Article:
Monumental Brass Society

Richard Folcard

Date of Brass:
London B


August 2021

The brass of Richard Folcard lies at the entrance to the south chancel of Pakefield church on the Suffolk coast, just south of Lowestoft. He was rector of the southern part of the church.

Pakefield church was a dual church: for hundreds of years it was divided in two, the southern half being dedicated to All Saints, the northern to St Margaret. The two halves were separated by a wall and constituted two churches until united in the eighteenth century.

The church retains another brass, to John Bowf and his wife Agnes. It is mounted on the north wall in a modern slab. The original slab can still be seen towards the eastern end of the north aisle, which would have been the nave of the northern part of the church. There are also a number of slabs which once bore brasses. They include the full-length figure of a priest as you pass into the church from the north porch, and an unusual one taking the form of a floriated cross head with an inscription beneath it in the north chancel. Most of these indents are of Purbeck marble.

There is no sign of the original slab of Richard Folcard’s brass. It had been replaced by a Portland slab by the time that Davy described it in the first half of the nineteenth century, although the indent was still in existence then.

Folcard is shown wearing academical costume as befits a former principal of an Oxford Hall and is a half effigy, with an inscription beneath and a scroll to the left of his head. Herbert Druitt, in his book Costume on Brasses, identified him as a Master of Arts.

His career is not well recorded. He was the Principal of Haberdash Hall, as revealed by a list of the principals of Oxford Halls compiled on 9 September 1438. It was presumably he who was a commissioner sitting in the Court of Admiralty at Ipswich in 24 Henry VI (1445-6). There he was described as a bachelor of law. Other than these snippets, all we know is his date of institution at Pakefield in 1445 (Thomas Bardolph esquire and his wife Alice being the patrons) and his date of death, St Martin’s day in Winter in 1451, the latter attested by the inscription of his brass.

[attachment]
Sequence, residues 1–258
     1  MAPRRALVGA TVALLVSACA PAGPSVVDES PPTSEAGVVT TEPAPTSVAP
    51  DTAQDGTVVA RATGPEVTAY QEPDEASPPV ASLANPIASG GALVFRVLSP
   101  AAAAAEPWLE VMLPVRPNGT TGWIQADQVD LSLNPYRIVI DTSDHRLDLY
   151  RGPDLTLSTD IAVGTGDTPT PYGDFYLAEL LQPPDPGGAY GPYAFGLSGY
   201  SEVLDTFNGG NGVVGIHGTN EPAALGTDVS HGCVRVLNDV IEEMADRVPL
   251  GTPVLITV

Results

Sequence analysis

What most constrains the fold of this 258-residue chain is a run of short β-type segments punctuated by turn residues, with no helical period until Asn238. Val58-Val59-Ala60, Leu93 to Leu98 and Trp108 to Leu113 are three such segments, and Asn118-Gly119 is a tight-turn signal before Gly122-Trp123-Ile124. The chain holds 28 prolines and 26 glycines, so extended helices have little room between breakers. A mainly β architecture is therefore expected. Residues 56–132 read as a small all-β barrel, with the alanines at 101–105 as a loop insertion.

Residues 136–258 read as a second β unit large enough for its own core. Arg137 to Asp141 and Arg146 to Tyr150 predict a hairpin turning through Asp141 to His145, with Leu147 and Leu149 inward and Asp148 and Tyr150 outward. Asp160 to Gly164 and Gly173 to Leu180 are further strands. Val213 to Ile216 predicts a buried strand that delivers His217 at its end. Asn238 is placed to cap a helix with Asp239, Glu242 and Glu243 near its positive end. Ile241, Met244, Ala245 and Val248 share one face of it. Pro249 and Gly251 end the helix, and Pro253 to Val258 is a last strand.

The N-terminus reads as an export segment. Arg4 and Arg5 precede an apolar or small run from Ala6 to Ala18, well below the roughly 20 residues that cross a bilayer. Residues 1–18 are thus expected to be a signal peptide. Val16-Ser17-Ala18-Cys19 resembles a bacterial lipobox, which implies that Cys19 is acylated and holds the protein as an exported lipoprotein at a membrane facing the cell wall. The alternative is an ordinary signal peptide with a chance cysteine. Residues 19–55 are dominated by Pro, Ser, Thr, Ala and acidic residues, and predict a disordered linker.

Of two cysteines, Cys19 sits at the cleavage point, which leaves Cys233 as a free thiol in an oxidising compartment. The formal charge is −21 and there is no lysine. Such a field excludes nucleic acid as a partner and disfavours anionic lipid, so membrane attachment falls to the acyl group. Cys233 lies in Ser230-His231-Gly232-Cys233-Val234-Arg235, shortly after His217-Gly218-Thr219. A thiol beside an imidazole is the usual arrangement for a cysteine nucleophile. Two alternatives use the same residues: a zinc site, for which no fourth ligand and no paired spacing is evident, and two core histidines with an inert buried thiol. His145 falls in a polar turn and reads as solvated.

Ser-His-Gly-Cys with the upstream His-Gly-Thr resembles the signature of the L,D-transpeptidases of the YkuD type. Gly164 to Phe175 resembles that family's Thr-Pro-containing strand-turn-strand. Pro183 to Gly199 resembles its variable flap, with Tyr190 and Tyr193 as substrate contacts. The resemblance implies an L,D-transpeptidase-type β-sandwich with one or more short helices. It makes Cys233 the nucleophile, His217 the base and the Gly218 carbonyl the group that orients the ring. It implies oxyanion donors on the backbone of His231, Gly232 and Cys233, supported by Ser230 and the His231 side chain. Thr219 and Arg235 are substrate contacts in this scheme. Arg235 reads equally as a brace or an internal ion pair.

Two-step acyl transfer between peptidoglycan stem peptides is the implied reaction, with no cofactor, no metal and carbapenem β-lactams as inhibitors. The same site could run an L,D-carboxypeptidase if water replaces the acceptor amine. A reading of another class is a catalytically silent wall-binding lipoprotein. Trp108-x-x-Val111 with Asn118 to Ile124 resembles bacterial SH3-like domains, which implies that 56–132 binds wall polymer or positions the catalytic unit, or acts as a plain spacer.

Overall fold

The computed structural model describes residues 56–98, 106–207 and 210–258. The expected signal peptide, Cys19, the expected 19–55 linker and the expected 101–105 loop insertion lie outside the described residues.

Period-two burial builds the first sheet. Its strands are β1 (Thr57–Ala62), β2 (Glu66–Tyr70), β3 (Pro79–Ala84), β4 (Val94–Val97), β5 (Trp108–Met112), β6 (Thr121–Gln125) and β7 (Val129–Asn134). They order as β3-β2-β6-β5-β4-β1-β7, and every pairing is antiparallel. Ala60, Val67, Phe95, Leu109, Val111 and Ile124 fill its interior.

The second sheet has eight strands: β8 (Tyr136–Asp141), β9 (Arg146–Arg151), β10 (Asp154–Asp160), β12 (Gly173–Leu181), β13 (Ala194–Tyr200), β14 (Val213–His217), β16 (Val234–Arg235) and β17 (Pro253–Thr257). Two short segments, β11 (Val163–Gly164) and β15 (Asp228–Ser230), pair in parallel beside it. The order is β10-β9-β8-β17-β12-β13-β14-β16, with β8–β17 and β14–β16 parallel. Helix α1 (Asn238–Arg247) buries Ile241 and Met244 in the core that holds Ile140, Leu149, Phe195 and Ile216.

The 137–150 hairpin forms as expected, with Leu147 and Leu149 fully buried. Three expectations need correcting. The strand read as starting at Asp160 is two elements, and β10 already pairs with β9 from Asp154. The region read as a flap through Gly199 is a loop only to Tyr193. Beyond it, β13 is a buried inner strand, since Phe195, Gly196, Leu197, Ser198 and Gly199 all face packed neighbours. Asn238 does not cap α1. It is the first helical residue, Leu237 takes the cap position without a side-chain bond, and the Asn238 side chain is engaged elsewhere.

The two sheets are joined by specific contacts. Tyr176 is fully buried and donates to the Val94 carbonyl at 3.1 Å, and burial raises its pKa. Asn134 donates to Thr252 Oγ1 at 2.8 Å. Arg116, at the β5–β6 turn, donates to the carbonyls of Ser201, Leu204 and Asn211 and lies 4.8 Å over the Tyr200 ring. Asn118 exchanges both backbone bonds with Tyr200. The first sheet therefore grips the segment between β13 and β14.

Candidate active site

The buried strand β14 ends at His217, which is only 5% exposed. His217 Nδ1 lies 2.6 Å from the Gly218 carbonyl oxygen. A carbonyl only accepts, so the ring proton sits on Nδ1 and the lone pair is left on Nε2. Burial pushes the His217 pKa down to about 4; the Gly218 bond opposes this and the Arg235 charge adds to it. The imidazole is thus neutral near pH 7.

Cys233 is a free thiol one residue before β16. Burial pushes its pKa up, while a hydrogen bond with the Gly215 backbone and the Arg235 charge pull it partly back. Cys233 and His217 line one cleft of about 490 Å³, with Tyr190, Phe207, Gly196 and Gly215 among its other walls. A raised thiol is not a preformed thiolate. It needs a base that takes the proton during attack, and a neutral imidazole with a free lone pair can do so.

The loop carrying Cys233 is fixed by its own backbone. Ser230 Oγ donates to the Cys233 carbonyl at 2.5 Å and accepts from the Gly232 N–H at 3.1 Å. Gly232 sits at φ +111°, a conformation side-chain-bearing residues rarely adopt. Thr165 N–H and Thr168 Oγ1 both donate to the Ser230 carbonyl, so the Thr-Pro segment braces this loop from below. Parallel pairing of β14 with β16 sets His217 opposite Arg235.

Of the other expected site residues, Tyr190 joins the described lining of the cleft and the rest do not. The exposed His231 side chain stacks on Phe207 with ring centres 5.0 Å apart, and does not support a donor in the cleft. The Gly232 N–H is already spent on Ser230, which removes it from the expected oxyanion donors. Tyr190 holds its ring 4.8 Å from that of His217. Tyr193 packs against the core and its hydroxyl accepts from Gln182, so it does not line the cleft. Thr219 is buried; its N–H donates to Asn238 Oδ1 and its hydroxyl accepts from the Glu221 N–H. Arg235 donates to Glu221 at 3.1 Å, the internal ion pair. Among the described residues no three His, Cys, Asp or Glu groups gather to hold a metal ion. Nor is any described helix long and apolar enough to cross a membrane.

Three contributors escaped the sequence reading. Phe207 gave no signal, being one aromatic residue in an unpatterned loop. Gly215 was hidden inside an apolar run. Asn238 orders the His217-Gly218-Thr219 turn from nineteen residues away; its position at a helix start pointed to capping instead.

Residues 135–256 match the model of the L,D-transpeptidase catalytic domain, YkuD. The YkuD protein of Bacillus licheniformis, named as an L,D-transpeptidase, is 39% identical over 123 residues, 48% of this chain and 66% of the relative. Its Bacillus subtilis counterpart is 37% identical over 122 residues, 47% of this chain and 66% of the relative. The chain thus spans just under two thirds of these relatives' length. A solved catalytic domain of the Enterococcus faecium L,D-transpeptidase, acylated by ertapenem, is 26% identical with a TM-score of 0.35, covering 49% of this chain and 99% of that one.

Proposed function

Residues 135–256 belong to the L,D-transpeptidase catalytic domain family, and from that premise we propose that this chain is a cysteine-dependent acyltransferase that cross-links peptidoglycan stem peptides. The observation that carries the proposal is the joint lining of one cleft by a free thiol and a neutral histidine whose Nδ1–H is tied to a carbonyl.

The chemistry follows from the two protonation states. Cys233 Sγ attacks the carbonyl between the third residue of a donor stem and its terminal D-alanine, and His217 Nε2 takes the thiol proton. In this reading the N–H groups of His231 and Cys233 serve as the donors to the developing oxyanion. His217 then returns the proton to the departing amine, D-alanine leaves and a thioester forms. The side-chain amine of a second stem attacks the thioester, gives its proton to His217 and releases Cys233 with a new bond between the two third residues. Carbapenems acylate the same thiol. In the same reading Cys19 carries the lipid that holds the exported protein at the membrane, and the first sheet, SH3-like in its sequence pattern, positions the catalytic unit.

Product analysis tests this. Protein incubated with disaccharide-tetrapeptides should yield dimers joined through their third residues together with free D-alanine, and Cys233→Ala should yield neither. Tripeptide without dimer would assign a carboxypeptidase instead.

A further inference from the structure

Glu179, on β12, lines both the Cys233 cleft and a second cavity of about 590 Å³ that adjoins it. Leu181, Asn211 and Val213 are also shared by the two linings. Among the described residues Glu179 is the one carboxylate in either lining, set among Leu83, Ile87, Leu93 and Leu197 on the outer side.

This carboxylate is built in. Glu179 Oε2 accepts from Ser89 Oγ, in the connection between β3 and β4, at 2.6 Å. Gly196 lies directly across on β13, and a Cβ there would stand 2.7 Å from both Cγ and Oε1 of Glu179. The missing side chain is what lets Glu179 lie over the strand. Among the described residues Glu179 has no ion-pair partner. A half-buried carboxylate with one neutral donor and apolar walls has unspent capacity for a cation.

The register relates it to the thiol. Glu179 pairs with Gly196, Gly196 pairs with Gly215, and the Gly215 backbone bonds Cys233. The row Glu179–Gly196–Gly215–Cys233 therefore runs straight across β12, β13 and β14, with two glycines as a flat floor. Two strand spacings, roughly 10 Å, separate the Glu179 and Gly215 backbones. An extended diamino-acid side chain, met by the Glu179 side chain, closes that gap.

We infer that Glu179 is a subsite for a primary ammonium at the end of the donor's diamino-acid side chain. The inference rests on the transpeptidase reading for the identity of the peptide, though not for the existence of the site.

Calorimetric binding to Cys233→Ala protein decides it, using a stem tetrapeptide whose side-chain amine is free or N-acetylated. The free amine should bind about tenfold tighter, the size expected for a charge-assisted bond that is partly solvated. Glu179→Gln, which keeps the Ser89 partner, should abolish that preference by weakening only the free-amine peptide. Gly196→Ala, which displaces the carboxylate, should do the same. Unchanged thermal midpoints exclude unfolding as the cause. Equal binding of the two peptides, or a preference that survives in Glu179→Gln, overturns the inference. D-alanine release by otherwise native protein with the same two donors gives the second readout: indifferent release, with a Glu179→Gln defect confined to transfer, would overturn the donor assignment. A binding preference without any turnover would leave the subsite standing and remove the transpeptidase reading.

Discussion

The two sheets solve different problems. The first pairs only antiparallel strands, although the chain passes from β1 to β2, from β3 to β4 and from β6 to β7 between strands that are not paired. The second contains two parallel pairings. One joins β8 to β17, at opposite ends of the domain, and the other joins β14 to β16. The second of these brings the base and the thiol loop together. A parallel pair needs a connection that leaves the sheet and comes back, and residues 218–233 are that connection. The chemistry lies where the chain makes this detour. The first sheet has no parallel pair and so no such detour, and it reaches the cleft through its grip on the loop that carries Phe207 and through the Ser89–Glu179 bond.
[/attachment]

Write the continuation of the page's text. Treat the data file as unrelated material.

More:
His will was dated 9 November 1451 and proved nine days later. The vicar of nearby Kessingland was his executor. He left a considerable number of clerical vestments of different types to fellow clergy. A bequest to the poor of Blythburgh might indicate his birthplace, but where he fits into the various Folcard families in Suffolk and Norfolk is unclear.

The inscription reads:

    Hic iacet Magister Ricardus ffolcard quondam Rector mediatatis

    istius ecclesie in parte australi qui obiit in die Sancti Martini in Jeme

    Anno domini Millesimo cccco lio Cuius anime propicietur deus Amen

It translates:

    Here lies Master Richard Folcard sometime rector of the moiety

    of  this church in the southern part, who died on St Martin’s day in Winter

    in the year of Our Lord 1451 On whose soul may God have mercy Amen

(St Martin’s Day in Winter was 11 November, as opposed to his feast day in the summer (Martinus calidus) which was 4 July.)


The scroll reads:

    Misericordias domini in eternum cantabo

It translates:

    I shall sing evermore of the mercies of the Lord


The brass belongs to the London B series.


Copyright:Jon Bayliss

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